What is spiritual inner work for me? Taking seriously my inner subjective landscape, trying to map and relate it insightfully (using much inspired literature and technique as guideposts), paying attention to intuitions about meaning connected to things and persons which come to meet me, and working on what I experience within dreams. This all could be widely expanded, and the practicing of it leads to many other things. For example, becoming more aware of the nature and relationships between thinking, feeling, and willing. Also taking seriously virtue ethics, i.e. the cultivation of virtues while remaining awake or sensitive to what happens subjectively at various crossroads in this undertaking. Developing moral perceptivity. (Nagel realized and explored in his 2012 book that in the same way that ‘life’ cannot plausible emerge from inorganic matter, nor consciousness emerge from complexity of organization, so too the perception of the inherent moral coloration of anything cannot emerge from merely our capacity for reason or rationality).
I would further add something along the lines of noting that discerning the prevalence of ‘monkey-mind’ regarding one’s feelings or emotions, thoughts, and impulses to action represents only a kind of useful beginning point on a spiritual path of inner work. Sam Harris seems to ascribe it a much more inflated status, approximating towards ‘realization’ or waking up. No. It is one entry point, and a common one in today’s fragmentation-happy (attention wise) cultural milieu. What do we do next? That is what matters.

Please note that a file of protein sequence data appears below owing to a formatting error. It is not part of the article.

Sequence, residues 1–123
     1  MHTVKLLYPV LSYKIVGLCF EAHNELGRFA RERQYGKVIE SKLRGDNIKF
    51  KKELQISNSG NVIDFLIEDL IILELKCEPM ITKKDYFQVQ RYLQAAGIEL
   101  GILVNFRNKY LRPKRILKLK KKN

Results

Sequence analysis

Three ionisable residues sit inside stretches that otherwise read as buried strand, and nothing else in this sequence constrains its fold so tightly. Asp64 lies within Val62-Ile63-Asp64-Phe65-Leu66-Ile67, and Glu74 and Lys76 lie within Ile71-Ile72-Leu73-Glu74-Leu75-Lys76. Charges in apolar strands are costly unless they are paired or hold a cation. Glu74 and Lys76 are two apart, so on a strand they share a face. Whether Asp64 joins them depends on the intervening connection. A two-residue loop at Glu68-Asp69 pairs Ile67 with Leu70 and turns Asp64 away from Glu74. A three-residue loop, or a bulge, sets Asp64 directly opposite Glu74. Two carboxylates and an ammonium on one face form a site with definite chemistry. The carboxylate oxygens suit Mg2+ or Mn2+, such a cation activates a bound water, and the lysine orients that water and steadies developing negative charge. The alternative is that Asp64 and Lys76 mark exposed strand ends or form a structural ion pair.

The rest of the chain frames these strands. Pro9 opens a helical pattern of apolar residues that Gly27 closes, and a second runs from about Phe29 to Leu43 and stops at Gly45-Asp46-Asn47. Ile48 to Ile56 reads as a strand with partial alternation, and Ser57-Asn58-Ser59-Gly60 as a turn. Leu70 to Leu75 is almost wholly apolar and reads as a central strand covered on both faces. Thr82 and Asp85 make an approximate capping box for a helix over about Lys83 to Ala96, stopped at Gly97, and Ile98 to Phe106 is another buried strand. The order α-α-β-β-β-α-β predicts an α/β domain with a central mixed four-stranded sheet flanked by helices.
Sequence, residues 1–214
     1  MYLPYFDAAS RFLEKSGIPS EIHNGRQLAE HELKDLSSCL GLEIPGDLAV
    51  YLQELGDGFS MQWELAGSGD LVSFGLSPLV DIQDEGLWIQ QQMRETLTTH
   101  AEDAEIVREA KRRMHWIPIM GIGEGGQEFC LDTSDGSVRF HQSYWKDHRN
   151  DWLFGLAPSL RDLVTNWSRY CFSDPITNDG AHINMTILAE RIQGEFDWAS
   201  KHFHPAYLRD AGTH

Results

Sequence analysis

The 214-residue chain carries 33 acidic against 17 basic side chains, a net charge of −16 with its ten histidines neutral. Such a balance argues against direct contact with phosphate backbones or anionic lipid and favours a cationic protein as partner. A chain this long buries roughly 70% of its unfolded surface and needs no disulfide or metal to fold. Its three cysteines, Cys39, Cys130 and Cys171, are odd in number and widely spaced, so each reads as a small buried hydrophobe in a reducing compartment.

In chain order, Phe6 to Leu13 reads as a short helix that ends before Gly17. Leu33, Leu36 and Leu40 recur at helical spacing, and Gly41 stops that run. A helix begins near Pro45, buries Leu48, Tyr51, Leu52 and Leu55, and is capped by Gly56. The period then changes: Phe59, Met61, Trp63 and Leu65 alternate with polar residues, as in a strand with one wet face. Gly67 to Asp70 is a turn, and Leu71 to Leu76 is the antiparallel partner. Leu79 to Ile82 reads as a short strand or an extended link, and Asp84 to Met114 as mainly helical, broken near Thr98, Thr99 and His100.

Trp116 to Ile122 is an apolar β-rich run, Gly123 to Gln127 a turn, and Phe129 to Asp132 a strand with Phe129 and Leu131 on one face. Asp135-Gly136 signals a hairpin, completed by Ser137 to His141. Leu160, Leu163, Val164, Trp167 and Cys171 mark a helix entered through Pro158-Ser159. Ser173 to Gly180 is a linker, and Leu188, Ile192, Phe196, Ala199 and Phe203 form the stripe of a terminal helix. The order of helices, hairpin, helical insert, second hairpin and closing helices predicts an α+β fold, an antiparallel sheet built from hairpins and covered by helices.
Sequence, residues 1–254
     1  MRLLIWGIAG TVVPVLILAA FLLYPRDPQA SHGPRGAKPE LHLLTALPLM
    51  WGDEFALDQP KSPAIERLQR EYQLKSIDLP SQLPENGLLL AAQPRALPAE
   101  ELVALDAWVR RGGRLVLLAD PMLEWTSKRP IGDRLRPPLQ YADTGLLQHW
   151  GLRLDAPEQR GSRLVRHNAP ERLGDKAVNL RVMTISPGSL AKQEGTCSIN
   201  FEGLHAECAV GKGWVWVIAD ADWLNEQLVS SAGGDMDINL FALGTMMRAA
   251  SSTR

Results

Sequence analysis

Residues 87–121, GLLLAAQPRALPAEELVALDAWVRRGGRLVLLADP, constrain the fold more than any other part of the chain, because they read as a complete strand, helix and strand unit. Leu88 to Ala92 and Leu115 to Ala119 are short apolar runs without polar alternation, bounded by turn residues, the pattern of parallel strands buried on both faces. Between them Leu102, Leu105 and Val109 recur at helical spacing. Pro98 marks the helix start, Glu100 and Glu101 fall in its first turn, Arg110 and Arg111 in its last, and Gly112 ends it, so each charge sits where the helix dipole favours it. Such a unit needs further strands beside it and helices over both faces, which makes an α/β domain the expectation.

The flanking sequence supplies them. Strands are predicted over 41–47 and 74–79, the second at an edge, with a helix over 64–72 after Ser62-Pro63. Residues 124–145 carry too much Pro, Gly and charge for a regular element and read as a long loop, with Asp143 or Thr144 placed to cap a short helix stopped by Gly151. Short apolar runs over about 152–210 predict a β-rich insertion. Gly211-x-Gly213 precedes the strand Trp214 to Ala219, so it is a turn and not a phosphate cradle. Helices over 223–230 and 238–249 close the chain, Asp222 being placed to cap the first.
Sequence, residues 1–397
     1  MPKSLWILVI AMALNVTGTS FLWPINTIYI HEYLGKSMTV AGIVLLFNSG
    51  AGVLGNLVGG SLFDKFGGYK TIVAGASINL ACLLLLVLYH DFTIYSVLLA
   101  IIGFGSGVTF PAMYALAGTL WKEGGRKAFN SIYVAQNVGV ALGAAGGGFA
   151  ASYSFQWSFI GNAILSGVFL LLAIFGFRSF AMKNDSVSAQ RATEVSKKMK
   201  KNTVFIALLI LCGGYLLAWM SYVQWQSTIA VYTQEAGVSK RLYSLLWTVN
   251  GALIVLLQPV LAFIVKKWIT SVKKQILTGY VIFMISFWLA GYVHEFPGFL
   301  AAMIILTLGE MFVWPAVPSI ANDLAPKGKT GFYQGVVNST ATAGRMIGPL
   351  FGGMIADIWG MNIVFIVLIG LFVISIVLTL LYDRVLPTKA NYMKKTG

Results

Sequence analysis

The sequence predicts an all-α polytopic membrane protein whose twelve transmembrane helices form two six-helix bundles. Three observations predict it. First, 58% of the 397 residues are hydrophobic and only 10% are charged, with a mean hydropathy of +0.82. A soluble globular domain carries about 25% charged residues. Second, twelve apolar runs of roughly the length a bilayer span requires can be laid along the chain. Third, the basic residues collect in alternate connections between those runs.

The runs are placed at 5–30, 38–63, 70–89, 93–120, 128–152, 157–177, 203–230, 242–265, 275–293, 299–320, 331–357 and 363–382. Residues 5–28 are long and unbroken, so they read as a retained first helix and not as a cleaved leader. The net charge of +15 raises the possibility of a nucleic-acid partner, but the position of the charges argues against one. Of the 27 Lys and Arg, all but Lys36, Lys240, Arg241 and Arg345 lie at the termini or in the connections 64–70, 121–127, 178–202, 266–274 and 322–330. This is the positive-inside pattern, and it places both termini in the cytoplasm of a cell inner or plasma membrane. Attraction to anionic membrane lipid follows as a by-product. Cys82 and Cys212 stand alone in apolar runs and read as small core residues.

2. Can science accommodate spirituality ?
Select Spiritual practises that can be confirmed in practise and is consistent with the findings of modern psychology
Reject any Dogma inconsistent with modern science
Harris agrees physical science at present is very far from explaining “consciousness”.
Do we agree ? Where do we disagree ?
Yes, agree. The one statement Harris makes, so far, which I unreservedly applaud is that it is literally, logically, impossible for subjective experience to be a delusion. Beyond denying consciousness’ existence, the other main strategem used by rational pragmatists, if you’ll allow the term, is to label everything associated as products of emergentism. (And thereby magically explaining it.)
For me: What does science actually disclose about the nature of the world ? — yes, good to ponder that!
There are many contemporary philosophers who reject “physicalism” as incoherent when scrutinized.See Philip Goff : https://www.youtube.com/watch?v=iTvqoKHG2PI